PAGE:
11. Large-scale protein analysis • 2D protein gels • Yeast two-hybrid • Rosetta Stone approach • Pathways

  12. 2D protein electrophoresis and mass spectrometry

  13. Two-dimensional protein gels First dimension: isoelectric focusing Electrophorese ampholytes to establish a pH gradient Can use a pre-made strip Proteins migrate to their isoelectric point (pI) then stop (net charge is zero) Range of pI typically 4-9 (5-8 most common)

  14. Two-dimensional protein gels Second dimension: SDS-PAGE Electrophorese proteins through an acrylamide matrix Proteins are charged and migrate through an electric field v = Eq / d6prh Conditions are denaturing Can resolve hundreds to thousands of proteins

  15. Proteins identified on 2D gels (IEF/SDS-PAGE) Protein mass analysis by MALDI-TOF -- done at core facilities -- often detect posttranslational modifications -- matrix assisted laser desorption/ionization time-of-flight spectroscopy

  16. Evaluation of 2D gels (IEF/SDS-PAGE) Advantages: Visualize hundreds to thousands of proteins Improved identification of protein spots Disadvantages: Limited number of samples can be processed Mostly abundant proteins visualized Technically difficult Labor-intensive, not really ”high-throughput” methods

  17. Yeast-Two-hybrid (Y2H) • Aim: • Identify pairs of physical interactions among proteins. • Solution: • Use the transcription mechanism of the cell

  18. d2 d3 d1 p1 DNA d5 d4 p2 TRANSCRIPTION RNA TRANSLATION PROTEIN Yeast-two-hybrid: Principles • Recap of biology: • Protein vs. domain • A protein is composed of modules or domains • Domains are individually folded units within the same protein chain. • The presence of multiple domains in a protein allow the protein to perform different functions. • The central dogma of biology

  19. Yeast-two-hybrid: Principles • Transcriptional activator (TA) • Protein that is required to activate transcription • A DNA-binding domain (BD): binding to DNA, • An activation domain (AD): activating transcription of the DNA Normal transcription requires both the DNA-binding domain (BD) and the activation domain (AD) of a transcriptional activator (TA).

  20. Yeast-two-hybrid: Principles • The binding domain and the activation domain do not necessarily have to be on the same protein. • In fact, a protein with a DNA binding domain can activate transcription when simply bound to another protein containing an activation domain • this principle forms the basis for the yeast two-hybrid technique

  21. Yeast-two-hybrid: Principles • Major components of a Yeast-two-hybrid experiment: • Bait protein – the protein of interest (X): with a DNA binding domain attached to its N-terminus • Prey protein – its potential binding partner (Y): fused to an activation domain • A reporter gene (R): a gene whose protein product can be easily detected and measured the reporter gene is transcribed Protein X interacts with protein Y Use the reporter produced as a measure of interaction between X and Y X and Y form a functional transcriptional activator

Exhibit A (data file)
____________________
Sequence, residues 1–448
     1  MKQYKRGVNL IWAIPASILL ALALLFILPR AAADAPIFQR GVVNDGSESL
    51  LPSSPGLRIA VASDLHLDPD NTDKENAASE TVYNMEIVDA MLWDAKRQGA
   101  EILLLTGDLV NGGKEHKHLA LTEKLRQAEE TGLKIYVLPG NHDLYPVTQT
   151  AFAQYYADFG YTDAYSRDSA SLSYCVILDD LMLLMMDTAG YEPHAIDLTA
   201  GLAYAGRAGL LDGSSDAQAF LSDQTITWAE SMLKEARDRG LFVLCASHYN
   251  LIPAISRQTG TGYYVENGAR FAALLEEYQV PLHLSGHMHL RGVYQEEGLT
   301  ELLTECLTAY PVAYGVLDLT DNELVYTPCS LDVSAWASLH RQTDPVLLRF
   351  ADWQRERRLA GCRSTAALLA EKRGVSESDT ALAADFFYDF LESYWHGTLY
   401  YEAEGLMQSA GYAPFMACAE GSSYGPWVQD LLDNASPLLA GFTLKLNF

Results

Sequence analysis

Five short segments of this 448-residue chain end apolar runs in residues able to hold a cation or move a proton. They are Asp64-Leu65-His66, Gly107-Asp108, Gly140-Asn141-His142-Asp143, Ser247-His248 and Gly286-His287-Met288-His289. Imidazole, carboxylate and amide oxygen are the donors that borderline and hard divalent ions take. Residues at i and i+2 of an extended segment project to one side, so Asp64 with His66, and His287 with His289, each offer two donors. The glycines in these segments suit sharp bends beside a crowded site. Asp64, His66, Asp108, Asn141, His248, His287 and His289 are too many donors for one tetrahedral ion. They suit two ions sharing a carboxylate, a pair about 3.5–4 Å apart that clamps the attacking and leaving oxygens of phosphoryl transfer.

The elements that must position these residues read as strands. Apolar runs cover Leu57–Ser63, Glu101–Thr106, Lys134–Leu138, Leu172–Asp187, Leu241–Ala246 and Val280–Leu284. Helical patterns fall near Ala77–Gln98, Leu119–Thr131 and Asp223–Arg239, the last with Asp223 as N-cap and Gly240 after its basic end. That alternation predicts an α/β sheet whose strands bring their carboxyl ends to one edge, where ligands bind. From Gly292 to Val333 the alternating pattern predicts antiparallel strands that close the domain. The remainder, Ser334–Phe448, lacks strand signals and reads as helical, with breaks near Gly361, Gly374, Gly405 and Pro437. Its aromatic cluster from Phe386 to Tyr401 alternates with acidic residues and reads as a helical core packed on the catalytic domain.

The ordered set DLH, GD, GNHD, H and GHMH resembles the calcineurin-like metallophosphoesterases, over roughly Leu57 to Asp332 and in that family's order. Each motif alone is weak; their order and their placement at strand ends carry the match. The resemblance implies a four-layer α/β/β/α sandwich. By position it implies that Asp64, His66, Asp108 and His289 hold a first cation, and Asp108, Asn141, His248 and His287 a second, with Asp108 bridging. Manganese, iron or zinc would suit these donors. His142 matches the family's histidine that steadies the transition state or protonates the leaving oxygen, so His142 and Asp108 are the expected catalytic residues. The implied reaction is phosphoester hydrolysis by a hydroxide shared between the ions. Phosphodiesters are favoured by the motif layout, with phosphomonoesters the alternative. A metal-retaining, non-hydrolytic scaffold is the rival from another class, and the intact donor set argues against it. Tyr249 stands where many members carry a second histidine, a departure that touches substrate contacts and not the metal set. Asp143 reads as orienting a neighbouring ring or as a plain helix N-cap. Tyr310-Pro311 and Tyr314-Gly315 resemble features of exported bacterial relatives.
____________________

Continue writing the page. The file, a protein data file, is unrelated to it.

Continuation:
22. Yeast two-hybrid transcription The yeast two-hybrid technique measures protein-protein interactions by measuring transcription of a reporter gene. If protein X and protein Y interact, then their DNA-binding domain and activation domain will combine to form a functional transcriptional activator (TA). The TA will then proceed to transcribe the reporter gene that is paired with its promoter.

  23. bait prey A Activation Domain Prey Protein Reporter mRNA Bait Protein Reporter mRNA Z Reporter mRNA Reporter mRNA Binding Domain Reporter mRNA Reporter Gene Yeast two-hybrid screens • Screen a library of proteins for potential binding partner • Identifying interacting proteins in a pairwise fashion • Feasible at a large scale (genome scale) Bait-prey model


  25. red = cellular role & subcellular localization of interacting proteins are identical; blue = localiations are identical; green = cellular roles are identical

  26. Y2H • Identify proteins that are physically associated in vivo. • Use yeast S. cerevisiae as a host • Disadvantage • The fused proteins must be able to fold correctly and exist as a stable protein inside the yeast cells • Advantage • Yeast is closer to higher eukaryotics than in vitro experiments or those systems based on bacterial hosts • Weak and transient interactions • Often the most interesting in signaling cascades • Are more readily detected in two-hybrid since the reporter gene strategy results in a significant amplification. • Always a trade-off between the identification of weak interactions and the number of false positives